Realising that the project was failing, the head of LAPCAS decided to transfer Land registration exercise to individual Land Boards Secretaries. The role of a national coordinator was removed such that the exercise runs without a pivotal person to provide direction, support and much needed supervision.
Land registration was poorly marketed as LAPCAS. Instead of talking to the bigger government intent of easy service provision, the protagonists went for the most resented purpose, of knowing where one resides, thus dealing with the means and not the end to the general collapse of the land registration exercise.
Land Registration needs to be revitalised and rebranded. It has to be given dominance over other components, without neglecting concurrency, as all other components are dependent on it as a basis for land information. It will become of no use if there is no land information to manage and inform quality decision making to advance delivery across all sectors of the economy.
Of the entire country only three localities have been addressed (given location addresses). About 90 percent of tribal land was unregistered in the last quarter of 2015. This publication learns that the LAPCAS team has failed to establish a land information centre, a project that was agreed upon some years back. The Land Information Centre was to act as a hub for all land information across the three tenure system.
Botswana Police Service (BPS) has indicated concern about the ongoing trend where the general public falls victim to criminals purporting to be police officers.
According to BPS Assistant Commissioner, Dipheko Motube, the criminals target individuals at shopping malls and Automated Teller Machines (ATMs) where upon approaching the unsuspecting individual the criminals would pretend to have picked a substantial amount of money and they would make a proposal to the victims that the money is counted and shared in an isolated place.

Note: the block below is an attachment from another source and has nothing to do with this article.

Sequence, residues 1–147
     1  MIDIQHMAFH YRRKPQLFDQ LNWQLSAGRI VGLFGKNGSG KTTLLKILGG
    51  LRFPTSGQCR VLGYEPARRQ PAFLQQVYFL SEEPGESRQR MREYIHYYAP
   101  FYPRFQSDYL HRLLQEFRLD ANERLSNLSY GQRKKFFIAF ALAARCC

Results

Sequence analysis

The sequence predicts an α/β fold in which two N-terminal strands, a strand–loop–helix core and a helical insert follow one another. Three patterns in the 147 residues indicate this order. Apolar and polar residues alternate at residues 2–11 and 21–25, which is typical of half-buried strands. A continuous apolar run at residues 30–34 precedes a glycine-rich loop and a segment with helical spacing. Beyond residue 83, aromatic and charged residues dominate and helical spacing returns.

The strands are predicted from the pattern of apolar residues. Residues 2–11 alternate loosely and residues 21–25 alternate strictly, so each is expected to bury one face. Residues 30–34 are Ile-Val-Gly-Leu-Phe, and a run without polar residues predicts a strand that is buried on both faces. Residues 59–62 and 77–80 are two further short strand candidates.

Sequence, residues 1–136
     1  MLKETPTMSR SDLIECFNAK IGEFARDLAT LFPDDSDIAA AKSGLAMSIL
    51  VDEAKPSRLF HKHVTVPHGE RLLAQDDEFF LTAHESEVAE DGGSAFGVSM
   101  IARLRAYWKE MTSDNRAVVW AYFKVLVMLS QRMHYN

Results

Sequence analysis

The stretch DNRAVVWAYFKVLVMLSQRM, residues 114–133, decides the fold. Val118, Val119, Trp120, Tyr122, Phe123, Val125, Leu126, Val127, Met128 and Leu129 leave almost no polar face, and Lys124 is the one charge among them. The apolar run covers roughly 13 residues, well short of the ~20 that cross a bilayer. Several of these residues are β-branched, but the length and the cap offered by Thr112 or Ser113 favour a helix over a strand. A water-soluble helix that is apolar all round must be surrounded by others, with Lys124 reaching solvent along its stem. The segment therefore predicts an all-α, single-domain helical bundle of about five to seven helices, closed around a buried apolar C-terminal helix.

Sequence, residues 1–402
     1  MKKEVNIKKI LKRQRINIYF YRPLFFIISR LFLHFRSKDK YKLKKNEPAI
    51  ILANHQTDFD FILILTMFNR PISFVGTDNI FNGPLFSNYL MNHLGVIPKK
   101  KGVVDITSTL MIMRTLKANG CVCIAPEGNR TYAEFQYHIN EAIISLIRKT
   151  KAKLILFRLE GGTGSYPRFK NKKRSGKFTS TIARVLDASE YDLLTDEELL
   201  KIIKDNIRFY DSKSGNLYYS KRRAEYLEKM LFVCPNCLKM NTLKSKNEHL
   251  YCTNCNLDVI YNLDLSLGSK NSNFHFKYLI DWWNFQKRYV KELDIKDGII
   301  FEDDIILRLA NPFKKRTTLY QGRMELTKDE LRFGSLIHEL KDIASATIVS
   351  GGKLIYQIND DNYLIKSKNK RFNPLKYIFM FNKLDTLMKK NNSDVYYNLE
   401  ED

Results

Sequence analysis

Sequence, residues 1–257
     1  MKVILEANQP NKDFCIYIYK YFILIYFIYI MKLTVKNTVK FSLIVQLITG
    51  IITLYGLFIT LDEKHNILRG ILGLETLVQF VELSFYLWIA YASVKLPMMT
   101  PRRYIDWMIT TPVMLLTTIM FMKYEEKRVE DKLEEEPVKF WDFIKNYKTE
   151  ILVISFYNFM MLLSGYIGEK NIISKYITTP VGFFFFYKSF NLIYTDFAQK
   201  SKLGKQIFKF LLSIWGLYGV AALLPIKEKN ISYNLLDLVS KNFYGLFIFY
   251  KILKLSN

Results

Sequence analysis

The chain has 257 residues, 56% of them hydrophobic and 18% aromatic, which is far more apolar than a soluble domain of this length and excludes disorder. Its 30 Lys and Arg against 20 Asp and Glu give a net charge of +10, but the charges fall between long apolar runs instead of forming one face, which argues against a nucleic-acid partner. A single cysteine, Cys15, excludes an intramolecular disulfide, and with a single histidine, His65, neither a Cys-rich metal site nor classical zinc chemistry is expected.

“On the way, as they stop at the isolated place, they would start to count and sharing of the money, a criminal syndicate claiming to be Criminal Investigation Department (CID) officer investigating a case of stolen money will approach them,” said Motube in a statement.
The Commissioner indicated that the fake police officers would instruct the victims to hand over all the cash they have in their possession, including bank cards and Personal Identification Number (PIN), the perpetrators would then proceed to withdraw money from the victim’s bank account.
Motube also revealed that they are also investigating a case in which a 69 year old Motswana woman from Molepolole- who is a victim of the scam- lost over P62 000 last week Friday to the said perpetrators.
“The Criminal syndicate introduced themselves as CID officers investigating a case of robbery where a man accompanying the woman was the suspect.’’
They subsequently went to the woman’s place and took cash amounting to over P12 000 and further swindled amount of P50 000 from the woman’s bank account under the pretext of the further investigations.
In addition, Motube said they are currently investigating the matter and therefore warned the public to be vigilant of such characters and further reminds the public that no police officer would ask for bank cards and PINs during the investigations.
Botswana Congress Party (BCP) leadership walked out of Umbrella for Democratic Change (UDC) National Executive Committee (NEC) meeting this week on account of being targeted by other cooperating partners.
UDC meet for the first time since 2020 after previous futile attempts, but the meeting turned into a circus after other members of the executive pushed for BCP to explain its role in media statements that disparate either UDC and/or contracting parties.
The Director General of the Directorate on Corruption and Economic Crimes (DCEC), Tymon Katlholo’s spirited fight against the contentious transfers of his management team has forced the Office of the President to rescind the controversial decision. However, some insiders suggest that the reversal of the transfers may have left some interested parties with bruised egos and nursing red wounds.
The transfers were seen by observers as a badly calculated move to emasculate the DCEC which is seen as defiant against certain objectionable objectives by certain law enforcement agencies – who are proven decisionists with very little regard for the law and principle.